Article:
In FIG. 4, the mesh layer 20B may be positioned adjacent to and in contact with either or both the interior wall surfaces 31 and the interior bottom 32 of the container 30.
In FIG. 5, alternately, the mesh layer 20C may be molded into the interior bottom 32A and interior wall surfaces 31 A of the bait container 30D when the bait container 30D is formed in a molding process, such as blow molding.
In practice, the mesh liner may be inserted into a bait container 30A-C so that the rigid top lip 21 of the mesh liner 20A contacts the interior wall surface 31 of the bait container 30A, is in FIG. 2 and the lower portion of the mesh liner 20A is positioned away from the interior wall surface 31, as shown in FIGS. 2 and 3 or in contact with the interior wall surface 31 and bottom interior 32, is in FIG. 4.
Alternately, the mesh liner 20C may be formed on the interior surface of the container 30D in the molding process of forming the container 30D, as shown in FIG. 5 and therefore, be pre-installed and ready for use.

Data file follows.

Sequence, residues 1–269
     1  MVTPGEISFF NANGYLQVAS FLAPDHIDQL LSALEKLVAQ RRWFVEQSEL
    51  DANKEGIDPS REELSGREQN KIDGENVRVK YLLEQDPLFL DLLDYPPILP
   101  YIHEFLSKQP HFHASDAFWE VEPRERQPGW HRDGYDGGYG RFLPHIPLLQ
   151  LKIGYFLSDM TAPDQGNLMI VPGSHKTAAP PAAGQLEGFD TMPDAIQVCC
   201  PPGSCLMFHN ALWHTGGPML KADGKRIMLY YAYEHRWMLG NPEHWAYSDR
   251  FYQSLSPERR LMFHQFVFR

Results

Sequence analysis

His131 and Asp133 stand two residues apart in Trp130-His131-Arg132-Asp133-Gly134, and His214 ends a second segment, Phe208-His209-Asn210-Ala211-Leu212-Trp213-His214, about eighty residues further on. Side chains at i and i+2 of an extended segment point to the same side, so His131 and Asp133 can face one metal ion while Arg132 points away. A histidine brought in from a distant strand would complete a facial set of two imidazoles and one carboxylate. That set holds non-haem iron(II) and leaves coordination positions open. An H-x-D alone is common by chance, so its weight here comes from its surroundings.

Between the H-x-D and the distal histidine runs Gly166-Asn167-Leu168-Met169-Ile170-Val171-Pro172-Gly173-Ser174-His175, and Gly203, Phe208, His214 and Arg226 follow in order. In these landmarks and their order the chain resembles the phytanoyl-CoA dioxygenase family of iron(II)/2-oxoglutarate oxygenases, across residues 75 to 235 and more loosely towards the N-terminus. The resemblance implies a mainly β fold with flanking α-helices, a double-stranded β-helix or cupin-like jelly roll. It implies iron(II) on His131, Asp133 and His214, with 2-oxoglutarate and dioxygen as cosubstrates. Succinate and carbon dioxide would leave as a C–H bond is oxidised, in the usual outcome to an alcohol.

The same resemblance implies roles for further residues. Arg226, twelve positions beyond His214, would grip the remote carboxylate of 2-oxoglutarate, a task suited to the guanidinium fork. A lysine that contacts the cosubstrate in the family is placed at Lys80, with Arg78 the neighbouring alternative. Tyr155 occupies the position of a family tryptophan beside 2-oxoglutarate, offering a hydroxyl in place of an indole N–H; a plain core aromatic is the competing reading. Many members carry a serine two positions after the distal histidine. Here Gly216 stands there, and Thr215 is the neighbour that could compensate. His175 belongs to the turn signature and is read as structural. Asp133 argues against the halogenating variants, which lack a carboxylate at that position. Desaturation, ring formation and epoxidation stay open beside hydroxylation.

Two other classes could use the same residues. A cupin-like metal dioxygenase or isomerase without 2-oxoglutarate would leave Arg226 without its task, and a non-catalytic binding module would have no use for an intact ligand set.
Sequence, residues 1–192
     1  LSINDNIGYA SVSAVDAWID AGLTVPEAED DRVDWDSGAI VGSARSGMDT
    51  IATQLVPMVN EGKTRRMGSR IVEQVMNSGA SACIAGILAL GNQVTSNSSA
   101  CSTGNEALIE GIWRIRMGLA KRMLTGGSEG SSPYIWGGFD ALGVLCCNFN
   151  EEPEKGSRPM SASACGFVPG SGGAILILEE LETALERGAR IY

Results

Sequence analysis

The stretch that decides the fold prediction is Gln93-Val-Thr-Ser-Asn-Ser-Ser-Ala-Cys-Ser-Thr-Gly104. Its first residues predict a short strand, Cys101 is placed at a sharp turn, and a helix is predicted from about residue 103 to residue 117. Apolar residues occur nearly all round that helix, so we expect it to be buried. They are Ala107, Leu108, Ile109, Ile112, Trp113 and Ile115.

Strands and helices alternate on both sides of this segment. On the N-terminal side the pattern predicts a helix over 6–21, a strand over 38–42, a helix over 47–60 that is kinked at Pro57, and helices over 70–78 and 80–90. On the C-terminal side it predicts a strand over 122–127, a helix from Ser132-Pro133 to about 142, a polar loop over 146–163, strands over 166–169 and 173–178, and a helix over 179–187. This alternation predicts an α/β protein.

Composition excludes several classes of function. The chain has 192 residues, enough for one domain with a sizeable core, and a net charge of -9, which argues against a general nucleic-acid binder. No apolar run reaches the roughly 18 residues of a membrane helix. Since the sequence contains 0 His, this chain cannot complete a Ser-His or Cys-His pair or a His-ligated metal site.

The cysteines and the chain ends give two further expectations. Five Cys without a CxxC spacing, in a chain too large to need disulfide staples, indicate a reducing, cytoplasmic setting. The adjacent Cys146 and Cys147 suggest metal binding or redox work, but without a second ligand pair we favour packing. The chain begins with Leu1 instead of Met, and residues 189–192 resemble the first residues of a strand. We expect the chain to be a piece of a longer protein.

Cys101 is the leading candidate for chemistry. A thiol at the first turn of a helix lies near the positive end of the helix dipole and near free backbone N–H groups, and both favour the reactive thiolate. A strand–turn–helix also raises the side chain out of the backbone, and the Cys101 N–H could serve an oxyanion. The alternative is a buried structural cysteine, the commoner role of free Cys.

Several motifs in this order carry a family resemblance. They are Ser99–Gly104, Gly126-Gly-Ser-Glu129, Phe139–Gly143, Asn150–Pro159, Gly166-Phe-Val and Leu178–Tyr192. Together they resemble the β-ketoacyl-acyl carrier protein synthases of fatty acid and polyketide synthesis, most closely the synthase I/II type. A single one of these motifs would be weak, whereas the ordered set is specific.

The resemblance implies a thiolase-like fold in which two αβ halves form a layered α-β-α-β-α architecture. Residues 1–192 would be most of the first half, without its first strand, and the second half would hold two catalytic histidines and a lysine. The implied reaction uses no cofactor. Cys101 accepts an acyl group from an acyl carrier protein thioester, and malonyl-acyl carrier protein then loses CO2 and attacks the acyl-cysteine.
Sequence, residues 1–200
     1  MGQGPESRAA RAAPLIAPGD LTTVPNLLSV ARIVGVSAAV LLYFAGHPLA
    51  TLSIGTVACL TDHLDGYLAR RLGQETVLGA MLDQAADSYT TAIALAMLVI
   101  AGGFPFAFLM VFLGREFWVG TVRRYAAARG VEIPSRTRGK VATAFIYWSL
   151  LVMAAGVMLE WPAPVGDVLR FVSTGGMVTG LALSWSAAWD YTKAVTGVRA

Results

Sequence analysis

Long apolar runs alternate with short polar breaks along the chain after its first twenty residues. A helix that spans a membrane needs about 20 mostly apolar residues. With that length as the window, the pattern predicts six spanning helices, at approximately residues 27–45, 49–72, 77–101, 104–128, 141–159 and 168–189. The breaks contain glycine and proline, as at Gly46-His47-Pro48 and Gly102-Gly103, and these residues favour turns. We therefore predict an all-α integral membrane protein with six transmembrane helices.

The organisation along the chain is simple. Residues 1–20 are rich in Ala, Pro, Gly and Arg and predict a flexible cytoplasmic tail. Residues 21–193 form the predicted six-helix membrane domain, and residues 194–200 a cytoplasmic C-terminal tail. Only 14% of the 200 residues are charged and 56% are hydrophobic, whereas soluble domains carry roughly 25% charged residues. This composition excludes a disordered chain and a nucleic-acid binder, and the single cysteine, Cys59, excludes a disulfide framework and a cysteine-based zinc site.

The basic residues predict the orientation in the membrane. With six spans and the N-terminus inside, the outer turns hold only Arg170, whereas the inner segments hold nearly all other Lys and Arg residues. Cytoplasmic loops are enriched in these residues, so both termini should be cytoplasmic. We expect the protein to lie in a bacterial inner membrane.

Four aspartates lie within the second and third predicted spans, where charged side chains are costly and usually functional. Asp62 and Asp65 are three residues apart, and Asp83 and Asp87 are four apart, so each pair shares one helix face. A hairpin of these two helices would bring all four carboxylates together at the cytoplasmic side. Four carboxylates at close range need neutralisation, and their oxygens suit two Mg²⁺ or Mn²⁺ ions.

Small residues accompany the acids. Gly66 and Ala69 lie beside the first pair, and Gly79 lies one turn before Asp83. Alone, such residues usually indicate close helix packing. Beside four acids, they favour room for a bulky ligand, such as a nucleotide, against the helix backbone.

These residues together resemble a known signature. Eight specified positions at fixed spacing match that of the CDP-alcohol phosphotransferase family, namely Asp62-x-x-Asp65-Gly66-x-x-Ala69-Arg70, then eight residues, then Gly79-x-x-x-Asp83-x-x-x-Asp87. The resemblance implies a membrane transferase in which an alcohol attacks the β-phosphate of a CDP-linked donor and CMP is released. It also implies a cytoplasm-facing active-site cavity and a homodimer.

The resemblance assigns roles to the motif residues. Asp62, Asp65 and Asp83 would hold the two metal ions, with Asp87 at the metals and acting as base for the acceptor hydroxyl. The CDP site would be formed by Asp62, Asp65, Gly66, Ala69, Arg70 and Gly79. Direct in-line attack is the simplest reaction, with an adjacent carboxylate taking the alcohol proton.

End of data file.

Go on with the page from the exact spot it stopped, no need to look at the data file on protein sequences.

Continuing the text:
Mesh liners 20 may be installed in various types of bait containers such as a bucket type live bait container 30A with a top opening 34A and side air holes 33 an in FIGS. 1 and 2 or a molded type of live bait container 30B with an angled opening 34B as in FIG. 6.
In a further embodiment of FIG. 7, an ice cooler chest 30C with a hinged lid 35C may be used as a live bait container 30C with the mesh liner device 20 installed inside the ice cooler chest 30C and visible through the top opening 31C.
After purchasing live bait 50, such as shrimp or crayfish, a fisherman may place the live bait 50 inside of the mesh lining device 20 and close the lid 32 or 32C. The live bait 50 will then spread out over the entire surface of the mesh lining 20A-20C, as shown in FIGS. 1, 2, 6 and 7, thereby preventing the bait 50 from smothering each other.
The mesh liner 20 and 20A-B may be a plastic molded mesh or a wire mesh or any other type of mesh enabling live bait, such as shrimp, crayfish, crawfish or the like, to climb on the mesh.
It is understood that the preceding description is given merely by way of illustration and not in limitation of the invention and that various modifications may be made thereto without departing from the spirit of the invention as claimed.